4 Signs Your Romantic Partner Is Creeping You on Facebook

A woman sits on her bed surrounded by books and uses her laptop

A woman sits on her bed surrounded by books and uses her laptopYour romantic partner may be spending a lot of time on your Facebook profile. Though Facebook won’t confirm or deny it, two Ohio communications professors just released a study on which types of people are most likely to use Facebook to creep on their romantic partners. Could your partner fit into one of these personality types?

Researchers Jesse Fox and Katie M. Warbe found that your partners are likely to creep on your Facebook if they exhibit particular attachment styles. An attachment style encompasses a person’s self-esteem and attitudes toward relationships. Since attachment styles are good predictors of how people behave in relationships and breakups, it’s no surprise they’re also good predictors for Facebook creeping.

Here’s the breakdown on who uses Facebook to creep on their romantic partners:


The Ex Creeper

Surprised cat looks up from food

via NJKean

Facebook makes breakups weird. Before Facebook, your exes could likely have avoided having to see you post-breakup. Today Facebook gives your exes constant updates on your life. Seeing details of your cat’s medical problems and photos from your grandma’s house constantly popping up on their News Feeds can make your exes feel like an intimate relationship still exists between you. If your Facebook updates confuse your exes about just how over things are, your exes may obsessively scour your Facebook page for clues to your current life.

If you don’t want your exes creeping on the juicy details of your life, you’ll have to hit the “Unfriend” button and make your statuses private.


The Insecure Creeper

Cat using front paws to peer over string

via Stefan Tell

The partners who are insecure in their relationships are the ones who think they’re not good enough for you. Because these partners are worried you’ll eventually reject them, they monitor your Facebook page to give themselves a sense of control.

Fox and Warbe point out that the Insecure Creeper is also a bit clingy:

Preoccupied individuals tend to elevate the partner because they feel that they are inferior or not worthy of their partner. Due to this insecurity, preoccupieds then attempt to control the relationship because they are anxious that the partner may reject them. Preoccupieds tend to be high in anxiety but low in avoidance. Thus, they may cling to their partners.”

If you’re dating one of these types, give him lots of hugs and pep-talks – but don’t expect him to stop creeping your Facebook.


The Scared Creeper

A cat looks up at the camera

via Jahlearn studio

Some people are so scared of getting hurt they’re afraid of getting close to others. Just because these types do not tell you about their fear doesn’t mean they’re not worried about the relationship. Instead, they find a way to address their anxiety that doesn’t involve confronting you. This search often leads them to Facebook, the epitome of non-confrontational technology.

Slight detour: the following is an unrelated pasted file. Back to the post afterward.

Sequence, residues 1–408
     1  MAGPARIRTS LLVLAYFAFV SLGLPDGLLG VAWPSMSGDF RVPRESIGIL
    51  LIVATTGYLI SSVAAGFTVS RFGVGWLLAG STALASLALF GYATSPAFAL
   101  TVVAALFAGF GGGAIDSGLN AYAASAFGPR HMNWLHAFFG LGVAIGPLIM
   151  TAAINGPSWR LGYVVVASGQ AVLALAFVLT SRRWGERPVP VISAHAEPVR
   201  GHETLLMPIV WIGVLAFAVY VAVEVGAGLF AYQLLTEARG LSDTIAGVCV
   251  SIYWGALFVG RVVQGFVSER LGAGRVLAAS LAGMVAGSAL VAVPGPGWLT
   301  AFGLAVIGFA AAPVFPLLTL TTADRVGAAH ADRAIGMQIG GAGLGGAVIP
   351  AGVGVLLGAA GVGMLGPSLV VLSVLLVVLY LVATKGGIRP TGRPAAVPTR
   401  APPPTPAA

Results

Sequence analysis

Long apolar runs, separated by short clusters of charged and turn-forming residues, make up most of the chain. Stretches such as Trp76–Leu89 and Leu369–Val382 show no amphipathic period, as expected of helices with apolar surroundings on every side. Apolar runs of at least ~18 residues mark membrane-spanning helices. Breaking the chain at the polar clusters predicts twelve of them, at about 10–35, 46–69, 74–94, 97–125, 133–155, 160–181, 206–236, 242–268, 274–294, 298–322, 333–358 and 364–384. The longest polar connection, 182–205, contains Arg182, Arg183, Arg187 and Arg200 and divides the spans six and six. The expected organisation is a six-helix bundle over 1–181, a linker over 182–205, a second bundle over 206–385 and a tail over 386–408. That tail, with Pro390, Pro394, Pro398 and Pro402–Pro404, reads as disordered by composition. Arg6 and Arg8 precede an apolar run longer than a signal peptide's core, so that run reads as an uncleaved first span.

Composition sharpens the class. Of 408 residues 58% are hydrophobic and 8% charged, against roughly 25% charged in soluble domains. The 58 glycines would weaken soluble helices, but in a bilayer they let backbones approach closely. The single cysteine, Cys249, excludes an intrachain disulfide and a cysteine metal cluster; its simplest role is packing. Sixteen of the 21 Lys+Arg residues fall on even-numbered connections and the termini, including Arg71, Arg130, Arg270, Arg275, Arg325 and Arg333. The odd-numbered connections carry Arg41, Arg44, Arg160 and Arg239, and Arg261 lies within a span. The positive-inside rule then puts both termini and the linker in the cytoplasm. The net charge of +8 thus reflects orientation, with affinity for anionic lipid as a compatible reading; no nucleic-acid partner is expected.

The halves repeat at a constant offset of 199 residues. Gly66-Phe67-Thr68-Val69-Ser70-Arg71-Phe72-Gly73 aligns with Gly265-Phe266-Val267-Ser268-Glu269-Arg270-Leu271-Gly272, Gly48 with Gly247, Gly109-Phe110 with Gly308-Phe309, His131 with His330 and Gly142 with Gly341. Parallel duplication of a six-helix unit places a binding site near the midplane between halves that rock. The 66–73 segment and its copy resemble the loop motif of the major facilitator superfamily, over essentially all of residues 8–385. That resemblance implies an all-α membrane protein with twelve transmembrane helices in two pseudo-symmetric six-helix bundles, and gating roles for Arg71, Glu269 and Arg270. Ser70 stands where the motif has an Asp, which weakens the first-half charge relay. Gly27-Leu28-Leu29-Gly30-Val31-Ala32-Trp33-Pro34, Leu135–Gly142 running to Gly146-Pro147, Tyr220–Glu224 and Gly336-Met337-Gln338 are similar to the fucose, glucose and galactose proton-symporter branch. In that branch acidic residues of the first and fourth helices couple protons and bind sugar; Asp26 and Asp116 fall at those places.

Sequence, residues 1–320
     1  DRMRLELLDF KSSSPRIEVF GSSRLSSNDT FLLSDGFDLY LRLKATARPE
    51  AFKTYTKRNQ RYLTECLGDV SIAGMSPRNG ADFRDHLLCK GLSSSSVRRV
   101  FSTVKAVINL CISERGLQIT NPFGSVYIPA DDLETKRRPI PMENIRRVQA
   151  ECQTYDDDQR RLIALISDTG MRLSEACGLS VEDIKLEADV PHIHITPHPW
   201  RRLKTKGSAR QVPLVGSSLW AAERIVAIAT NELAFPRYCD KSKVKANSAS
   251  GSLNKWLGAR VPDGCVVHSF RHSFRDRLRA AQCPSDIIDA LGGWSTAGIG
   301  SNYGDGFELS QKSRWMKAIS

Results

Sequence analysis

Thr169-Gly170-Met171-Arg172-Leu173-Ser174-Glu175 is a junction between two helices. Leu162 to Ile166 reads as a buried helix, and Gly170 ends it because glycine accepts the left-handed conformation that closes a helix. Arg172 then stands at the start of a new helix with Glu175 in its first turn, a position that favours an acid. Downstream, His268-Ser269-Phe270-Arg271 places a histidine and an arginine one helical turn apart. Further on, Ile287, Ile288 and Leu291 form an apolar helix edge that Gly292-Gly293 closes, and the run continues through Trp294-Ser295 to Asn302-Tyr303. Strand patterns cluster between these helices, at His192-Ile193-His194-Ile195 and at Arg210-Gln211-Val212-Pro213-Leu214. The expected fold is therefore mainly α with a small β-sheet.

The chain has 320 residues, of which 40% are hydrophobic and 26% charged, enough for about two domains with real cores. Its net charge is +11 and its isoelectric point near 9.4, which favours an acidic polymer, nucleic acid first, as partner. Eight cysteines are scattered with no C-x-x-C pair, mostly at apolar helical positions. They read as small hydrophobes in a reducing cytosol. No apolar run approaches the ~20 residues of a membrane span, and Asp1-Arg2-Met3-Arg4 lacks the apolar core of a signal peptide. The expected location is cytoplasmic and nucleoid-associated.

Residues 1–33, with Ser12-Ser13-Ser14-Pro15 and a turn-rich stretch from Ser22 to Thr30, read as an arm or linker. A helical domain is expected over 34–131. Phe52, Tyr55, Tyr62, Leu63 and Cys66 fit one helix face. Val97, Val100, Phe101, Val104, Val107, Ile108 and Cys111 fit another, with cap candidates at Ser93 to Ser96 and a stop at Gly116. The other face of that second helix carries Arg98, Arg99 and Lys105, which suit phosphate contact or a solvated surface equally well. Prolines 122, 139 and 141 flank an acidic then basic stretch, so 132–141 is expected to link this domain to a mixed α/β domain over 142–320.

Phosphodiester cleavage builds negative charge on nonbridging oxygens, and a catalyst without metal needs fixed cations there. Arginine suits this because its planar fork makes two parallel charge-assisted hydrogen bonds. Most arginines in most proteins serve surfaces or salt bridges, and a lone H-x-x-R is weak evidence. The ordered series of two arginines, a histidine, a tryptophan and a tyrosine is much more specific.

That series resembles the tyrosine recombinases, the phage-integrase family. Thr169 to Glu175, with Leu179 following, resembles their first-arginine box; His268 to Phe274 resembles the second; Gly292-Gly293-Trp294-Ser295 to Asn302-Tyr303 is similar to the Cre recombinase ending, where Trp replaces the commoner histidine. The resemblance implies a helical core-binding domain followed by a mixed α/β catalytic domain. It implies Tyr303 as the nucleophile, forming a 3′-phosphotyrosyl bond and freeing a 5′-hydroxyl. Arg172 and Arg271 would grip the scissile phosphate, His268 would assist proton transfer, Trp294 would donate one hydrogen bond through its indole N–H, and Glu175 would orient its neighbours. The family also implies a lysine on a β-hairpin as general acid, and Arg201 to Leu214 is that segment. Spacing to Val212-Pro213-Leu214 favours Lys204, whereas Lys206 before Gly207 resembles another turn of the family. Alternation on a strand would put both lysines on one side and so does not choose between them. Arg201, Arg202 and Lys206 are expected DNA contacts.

As Fox and Warbe state, the Scared Creeper avoids relationship issues at all costs:

Fearful individuals are uncomfortable in close relationships because they are worried about being hurt by others. They experience high anxiety and, because they lack assertiveness, tend to avoid or nullify relationship issues.”

In this case, start posting some supportive statuses – you can be sure your partner is reading them.


The Confused Creeper

A thin cat crouches in the street

via aturkus

The Confused Creeper is tricky. Offline, the people most likely to monitor or stalk their partners are those in ambiguous relationships. Ambiguous relationships are those that haven’t been officially labeled as “open,” “friends with benefits,” or anything else. If people can’t tell whether they’re in a serious relationship, they may monitor their partners to see what they’re doing and who they’re doing it with. Fox and Warbe therefore expected that people in ambiguous relationships would be serious Facebook creepers. According to their research, though, it turns out those in ambiguous relationships actually weren’t the biggest creepers.

Regardless, Fox and Warbe still suspect their data may not be the final word. This is because their research subjects were college students, a population that’s pretty comfy with ambiguous relationships.

In other words, if you’re in an ambiguous relationship and you’re past college, don’t get complacent; you may be dating a Facebook creeper.

Many people may not mind dating a Facebook creeper. Chances are, they don’t know they’re being creeped, and creeping is sort of what Facebook is for anyway. We haven’t set clear boundaries for how much online monitoring is appropriate, so two partners may be comfortable with different amounts of Facebook interaction. Unfriending is a drastic step, after all. As Facebook takes on a bigger role in our social lives, we might have to start talking to our partners about how much Facebook monitoring feels okay.

Have you been Facebook creeped by a romantic partner? Did it affect your relationship?

Featured image via striatic

Leora Rosenberg

By Leora Rosenberg

Leora writes about the environment, science, and the intersection between technology and art. She attends New York University and has previously written for the Wildlife Conservation Society's website, The Huffington Post's Compylr blog, and NYU's Washington Square News. Her mom uses Twitter incorrectly.

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